She stared at the blackness in the sky, wondering if it were only a last bit of night the sunrise hadn't chased away. What if she had no air sense at all, and the height had gone to her head?

Deryn closed her eyes, took a deep breath, and counted to ten.

When she opened them again, the clouds were still there - closer.

The Huxley trembled again, and Deryn smelled lightning in the air. The approaching squall was definitely real. The aerology manual had been right after all: Red sky in morning, sailors take warning.

She stared again at the yellow cloth. If the officers below saw it unfurl, they'd think she was panicking. Then she'd have to explain that it hadn't been terror, just a coolheaded observation that rough weather was coming. Maybe they'd commend her for making the right decision.

But what if the squall changed course? Or faded to a drizzle before it arrived at the Scrubs?

Deryn clenched her teeth, wondering how long she'd been up here. Weren't ten minutes almost up? Or had her sense of time gone crook in the vast, cold sky?

Her eyes darted back and forth between the rolled-up yellow cloth and the approaching storm, wondering what a boy would do.


When Prince Aleksandar awoke, his tongue was coated with sickly sweetness. The awful taste overpowered his other senses; he couldn't see or hear or even think, as if his brain were drenched in sugary brine.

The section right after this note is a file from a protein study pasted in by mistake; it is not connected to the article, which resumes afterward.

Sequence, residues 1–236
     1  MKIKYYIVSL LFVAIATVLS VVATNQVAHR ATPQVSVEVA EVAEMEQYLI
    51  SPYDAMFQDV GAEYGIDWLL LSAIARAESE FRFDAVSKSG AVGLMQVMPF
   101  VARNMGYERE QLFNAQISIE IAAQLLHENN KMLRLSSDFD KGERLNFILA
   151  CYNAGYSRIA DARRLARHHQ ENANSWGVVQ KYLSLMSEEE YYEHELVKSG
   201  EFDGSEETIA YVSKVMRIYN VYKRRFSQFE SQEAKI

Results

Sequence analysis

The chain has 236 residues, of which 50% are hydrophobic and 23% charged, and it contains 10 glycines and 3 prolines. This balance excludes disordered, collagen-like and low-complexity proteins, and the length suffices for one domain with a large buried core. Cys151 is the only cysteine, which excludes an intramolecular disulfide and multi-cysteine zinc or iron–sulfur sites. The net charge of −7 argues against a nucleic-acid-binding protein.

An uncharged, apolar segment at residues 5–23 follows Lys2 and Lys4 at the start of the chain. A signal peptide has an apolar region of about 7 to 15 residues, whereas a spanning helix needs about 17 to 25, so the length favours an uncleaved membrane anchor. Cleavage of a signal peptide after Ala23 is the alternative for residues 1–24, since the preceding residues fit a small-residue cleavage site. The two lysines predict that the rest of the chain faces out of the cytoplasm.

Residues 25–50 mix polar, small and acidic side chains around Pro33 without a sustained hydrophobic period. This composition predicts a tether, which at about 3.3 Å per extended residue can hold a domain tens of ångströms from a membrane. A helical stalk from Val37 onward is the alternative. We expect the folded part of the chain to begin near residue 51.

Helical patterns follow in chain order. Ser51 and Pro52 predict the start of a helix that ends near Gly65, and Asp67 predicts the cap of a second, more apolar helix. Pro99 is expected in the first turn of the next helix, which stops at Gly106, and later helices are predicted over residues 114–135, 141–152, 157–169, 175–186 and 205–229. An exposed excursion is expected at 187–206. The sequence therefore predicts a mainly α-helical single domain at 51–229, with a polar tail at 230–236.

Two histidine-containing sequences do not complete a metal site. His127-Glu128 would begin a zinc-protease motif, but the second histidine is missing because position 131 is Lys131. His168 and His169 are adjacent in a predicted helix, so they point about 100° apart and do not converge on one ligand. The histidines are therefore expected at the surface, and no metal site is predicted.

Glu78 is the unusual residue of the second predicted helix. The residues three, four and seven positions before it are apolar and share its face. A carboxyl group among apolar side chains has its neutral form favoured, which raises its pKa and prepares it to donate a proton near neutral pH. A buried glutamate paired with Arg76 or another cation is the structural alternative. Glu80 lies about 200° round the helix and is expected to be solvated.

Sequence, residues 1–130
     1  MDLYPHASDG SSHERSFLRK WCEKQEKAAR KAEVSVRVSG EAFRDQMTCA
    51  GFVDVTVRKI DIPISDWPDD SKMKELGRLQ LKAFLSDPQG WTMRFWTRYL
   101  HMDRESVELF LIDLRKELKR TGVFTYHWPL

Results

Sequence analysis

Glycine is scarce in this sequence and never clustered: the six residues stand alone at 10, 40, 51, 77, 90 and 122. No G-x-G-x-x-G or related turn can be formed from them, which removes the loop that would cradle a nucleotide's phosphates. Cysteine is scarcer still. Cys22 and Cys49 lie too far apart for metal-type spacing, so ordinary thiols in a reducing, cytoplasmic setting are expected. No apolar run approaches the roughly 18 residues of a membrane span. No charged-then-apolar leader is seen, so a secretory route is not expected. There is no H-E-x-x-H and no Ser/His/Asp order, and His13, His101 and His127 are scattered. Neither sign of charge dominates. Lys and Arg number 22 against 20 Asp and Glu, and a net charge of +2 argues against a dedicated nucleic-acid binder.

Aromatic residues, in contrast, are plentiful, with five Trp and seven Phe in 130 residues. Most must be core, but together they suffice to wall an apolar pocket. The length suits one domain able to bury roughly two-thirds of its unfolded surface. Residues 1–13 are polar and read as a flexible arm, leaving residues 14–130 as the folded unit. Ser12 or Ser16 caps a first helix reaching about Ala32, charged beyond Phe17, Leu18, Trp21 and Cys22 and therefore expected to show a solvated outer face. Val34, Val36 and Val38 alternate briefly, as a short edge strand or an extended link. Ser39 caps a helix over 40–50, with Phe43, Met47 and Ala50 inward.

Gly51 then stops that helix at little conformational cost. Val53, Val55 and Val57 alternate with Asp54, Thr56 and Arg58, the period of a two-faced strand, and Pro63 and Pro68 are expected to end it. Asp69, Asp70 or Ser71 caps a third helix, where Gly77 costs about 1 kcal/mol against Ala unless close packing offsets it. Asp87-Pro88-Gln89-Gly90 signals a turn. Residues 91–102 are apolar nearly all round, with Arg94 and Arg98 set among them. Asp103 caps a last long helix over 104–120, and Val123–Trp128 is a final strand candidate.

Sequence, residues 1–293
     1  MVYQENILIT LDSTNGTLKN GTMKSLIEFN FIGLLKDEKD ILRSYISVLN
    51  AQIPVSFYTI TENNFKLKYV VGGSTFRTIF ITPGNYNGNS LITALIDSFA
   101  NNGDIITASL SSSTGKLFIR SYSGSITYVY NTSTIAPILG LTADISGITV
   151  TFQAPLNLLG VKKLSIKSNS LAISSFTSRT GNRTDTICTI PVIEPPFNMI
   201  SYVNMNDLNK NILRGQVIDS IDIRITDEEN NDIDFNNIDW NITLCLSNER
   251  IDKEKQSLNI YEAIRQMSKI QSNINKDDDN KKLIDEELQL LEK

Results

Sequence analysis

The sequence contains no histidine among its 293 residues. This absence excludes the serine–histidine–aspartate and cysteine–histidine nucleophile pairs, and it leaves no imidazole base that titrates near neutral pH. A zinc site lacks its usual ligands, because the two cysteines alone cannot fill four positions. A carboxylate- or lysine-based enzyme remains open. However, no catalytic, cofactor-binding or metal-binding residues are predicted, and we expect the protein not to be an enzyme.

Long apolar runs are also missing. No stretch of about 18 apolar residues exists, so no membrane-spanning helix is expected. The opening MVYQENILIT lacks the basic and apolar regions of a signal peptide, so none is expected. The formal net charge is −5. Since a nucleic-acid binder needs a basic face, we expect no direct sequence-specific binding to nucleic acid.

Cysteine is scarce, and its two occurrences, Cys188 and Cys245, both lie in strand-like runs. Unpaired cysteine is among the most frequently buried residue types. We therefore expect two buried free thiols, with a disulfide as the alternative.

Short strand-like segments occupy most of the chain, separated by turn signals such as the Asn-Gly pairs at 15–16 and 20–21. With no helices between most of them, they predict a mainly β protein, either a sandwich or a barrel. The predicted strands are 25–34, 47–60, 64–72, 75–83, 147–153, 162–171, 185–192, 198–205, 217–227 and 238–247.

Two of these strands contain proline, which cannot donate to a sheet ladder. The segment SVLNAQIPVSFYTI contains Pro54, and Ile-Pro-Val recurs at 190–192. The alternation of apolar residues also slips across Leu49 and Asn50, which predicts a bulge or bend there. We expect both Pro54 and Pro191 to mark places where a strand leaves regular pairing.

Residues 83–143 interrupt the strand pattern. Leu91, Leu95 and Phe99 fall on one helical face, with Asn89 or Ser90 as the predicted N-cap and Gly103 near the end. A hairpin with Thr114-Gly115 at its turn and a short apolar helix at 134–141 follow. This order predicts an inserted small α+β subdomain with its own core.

Gradually his head cleared - he smelled kerosene and heard tree branches thrashing past outside. The world rocked dizzily around him, hard-edged and metallic.

Then Alek began to remember: the midnight piloting lesson, his teachers turning on him, and finally the sweet-smelling chemical that had knocked him out. He was still in the Stormwalker, still moving away from home. All of it had really happened... . He'd been kidnapped.

At least he was still alive. Maybe they planned to ransom him. Humiliating, he supposed, but better than dying.

His kidnappers evidently didn't think Alek was much of a threat. They hadn't tied him up. Someone had even thought to put a blanket between him and the rocking metal floor.

He opened his eyes and saw shifting patches of light, a grid of swaying shadows cast by a ventilation grill. Neat racks of explosive shells lined the walls, and the hiss of pneumatics was louder than ever. He was in the belly of the Stormwalker - the gunners' station.

"Your Highness?" came a nervous voice.